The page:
There is a desire for a new political start in Greece after the decades of corrupt clientalism by New Democracy and Pasok. Every job was allocated on the basis of party allegiance. New Democracy was riddled with people on the take from foreign and Greek firms. The story of Siemens buying Greek ministers is breath-taking but Berlin did not lift a finger to stop its flagship firm from corrupting the Greek state. Nor did German firms stop selling unnecessary arms to the bloated Greek military. Still less did German banks do due diligence on loans in the boom early years of the Eurozone.
Two new parties – Potami (River) – and the Movement for Democratic Socialism are seeking seats on a platform of cleaning up Greek politics. The latter is founded by Georges Papandreou son of the legendary clientalist socialist leader, Andreas. The younger Papandreou, educated in Sweden and America, was a brilliant foreign minister for Greece who transformed relations with Turkey and Europe. He came in as Pasok prime minister just after the banking crisis begun and was blackmailed by Nicolas Sarkozy and Angela Merkel into falling in with the Brussels austerity ideology instituted in 2010.
Now he tells me he hopes he can encourage real reform by opening public sector appointments to candidates appointed on merit, not party loyalty.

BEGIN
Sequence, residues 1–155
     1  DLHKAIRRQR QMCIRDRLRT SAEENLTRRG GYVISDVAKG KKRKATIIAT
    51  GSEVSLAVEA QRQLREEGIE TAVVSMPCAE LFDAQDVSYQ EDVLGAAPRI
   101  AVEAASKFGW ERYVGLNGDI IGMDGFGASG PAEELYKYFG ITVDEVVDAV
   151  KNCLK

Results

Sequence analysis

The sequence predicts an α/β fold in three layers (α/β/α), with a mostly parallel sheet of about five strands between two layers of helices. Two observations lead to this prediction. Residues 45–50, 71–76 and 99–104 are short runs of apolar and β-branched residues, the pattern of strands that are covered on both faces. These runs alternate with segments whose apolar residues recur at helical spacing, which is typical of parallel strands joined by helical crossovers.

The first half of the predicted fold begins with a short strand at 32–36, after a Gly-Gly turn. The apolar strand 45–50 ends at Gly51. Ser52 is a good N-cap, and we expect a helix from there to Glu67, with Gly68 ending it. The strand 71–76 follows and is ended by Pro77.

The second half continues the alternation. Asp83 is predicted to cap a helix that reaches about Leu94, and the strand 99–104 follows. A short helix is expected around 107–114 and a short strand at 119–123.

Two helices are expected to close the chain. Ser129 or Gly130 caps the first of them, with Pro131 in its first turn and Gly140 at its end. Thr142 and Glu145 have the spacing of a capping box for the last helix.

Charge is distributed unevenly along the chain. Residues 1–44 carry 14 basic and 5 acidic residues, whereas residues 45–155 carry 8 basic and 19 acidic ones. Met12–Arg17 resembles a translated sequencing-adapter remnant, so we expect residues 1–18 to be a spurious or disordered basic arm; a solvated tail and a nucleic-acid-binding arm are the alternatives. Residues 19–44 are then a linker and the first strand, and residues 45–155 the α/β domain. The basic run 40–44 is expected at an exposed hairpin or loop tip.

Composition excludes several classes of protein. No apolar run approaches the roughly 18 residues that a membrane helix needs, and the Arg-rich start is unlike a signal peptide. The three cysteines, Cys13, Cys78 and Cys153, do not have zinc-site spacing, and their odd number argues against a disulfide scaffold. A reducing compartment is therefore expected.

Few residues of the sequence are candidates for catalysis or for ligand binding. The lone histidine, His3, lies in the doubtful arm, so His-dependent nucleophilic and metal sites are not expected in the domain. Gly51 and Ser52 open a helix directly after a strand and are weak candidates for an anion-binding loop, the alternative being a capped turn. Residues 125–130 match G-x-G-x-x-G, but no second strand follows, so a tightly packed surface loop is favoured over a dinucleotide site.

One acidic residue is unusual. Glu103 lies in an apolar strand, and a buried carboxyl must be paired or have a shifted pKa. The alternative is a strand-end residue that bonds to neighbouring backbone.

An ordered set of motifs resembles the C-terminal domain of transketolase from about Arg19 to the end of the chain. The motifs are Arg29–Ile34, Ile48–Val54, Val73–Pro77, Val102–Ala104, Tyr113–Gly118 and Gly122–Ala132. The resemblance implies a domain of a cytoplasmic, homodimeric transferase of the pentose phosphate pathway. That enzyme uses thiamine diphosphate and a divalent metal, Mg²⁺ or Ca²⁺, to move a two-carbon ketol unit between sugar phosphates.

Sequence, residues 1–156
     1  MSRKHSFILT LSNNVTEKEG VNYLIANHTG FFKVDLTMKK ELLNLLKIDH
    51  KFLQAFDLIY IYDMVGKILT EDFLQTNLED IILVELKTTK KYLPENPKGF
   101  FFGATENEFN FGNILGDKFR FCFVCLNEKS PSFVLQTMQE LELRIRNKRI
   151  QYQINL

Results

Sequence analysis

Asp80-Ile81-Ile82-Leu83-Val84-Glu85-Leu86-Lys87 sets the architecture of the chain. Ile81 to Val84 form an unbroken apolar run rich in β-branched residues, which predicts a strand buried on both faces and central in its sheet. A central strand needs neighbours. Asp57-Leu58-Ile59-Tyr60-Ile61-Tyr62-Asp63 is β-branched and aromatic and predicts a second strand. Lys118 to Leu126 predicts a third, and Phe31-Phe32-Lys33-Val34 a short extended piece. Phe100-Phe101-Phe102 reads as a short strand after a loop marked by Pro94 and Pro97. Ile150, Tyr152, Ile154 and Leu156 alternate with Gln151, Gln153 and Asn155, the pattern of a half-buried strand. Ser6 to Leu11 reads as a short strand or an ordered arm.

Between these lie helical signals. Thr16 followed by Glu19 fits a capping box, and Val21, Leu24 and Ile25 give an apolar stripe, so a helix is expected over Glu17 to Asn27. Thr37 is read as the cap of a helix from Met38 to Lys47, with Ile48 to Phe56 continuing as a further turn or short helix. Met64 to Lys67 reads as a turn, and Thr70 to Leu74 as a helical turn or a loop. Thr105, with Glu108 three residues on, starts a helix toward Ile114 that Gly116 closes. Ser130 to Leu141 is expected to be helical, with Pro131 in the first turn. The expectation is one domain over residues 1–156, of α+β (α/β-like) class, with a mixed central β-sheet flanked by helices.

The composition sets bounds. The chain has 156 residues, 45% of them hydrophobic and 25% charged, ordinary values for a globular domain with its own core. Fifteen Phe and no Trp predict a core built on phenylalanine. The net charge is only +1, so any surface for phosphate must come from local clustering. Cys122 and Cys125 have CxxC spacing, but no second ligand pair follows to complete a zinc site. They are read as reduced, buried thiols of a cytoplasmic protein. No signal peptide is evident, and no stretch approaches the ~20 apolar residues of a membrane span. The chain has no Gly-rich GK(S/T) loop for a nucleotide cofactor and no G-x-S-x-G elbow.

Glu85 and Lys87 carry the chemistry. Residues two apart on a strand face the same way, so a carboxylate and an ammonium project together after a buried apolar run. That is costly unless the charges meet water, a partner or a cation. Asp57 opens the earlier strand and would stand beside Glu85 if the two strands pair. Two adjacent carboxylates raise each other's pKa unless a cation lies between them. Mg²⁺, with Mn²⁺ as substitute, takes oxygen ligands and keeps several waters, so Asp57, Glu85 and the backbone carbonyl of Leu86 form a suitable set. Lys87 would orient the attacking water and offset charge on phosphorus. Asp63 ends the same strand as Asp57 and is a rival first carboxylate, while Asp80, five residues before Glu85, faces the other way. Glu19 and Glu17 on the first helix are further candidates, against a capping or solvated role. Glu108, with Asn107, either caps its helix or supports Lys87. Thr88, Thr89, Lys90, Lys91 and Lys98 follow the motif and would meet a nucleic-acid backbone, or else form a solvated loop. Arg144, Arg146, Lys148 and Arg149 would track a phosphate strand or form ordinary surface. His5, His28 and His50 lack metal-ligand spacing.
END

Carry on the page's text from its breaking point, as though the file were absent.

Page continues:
New Democracy rant and rail that Syriza are “communists” but the real communists in Greece wouldn’t share a plate of mouldy moussaka with Tsipras who is being embraced by Italy’s Matteo Renzi and Martin Schultz, the social democratic head of the European Parliament.
Like the German Greens in the 1990s, Syriza MPs have to decide if they want want to be fundamentalists or realists. The team around Tsipras want the latter. The EU will want to help. Merkel does not want to go down in history as the woman who lost Greece. If Greece stays calm after weathering the storm of recent years, the next period of Greek history may be better than many imagine.
White House on all-party talks in Northern Ireland
Chair Dr Richard Haass and Co-Chair Professor Meghan O'Sullivan pictured at the Stormont Hotel in Belfast after their Christmas break
Statement by NSC Spokesperson Caitlin Hayden on the all-party talks in Northern Ireland.
"Talks led by independent chair Richard Haass with the five parties of the Northern Ireland Executive have reached a critical juncture. The goal has been and remains to reach agreement before the end of the year on new arrangements for parading, flags, and contending with the legacy of past violence. Initiating these talks demonstrated the commitment of the parties and people of Northern Ireland to move forward on tough issues.
"We are confident that a solution can be reached if there is political will on all sides. We call upon the leadership of the five parties to make the compromises necessary to conclude an agreement now, one that would help heal the divisions that continue to stand between the people of Northern Ireland and the future they deserve."
Dr Richard Haass and Professor Meghan O'Sullivan pictured at the Stormont hotel in Belfast after their Christmas break.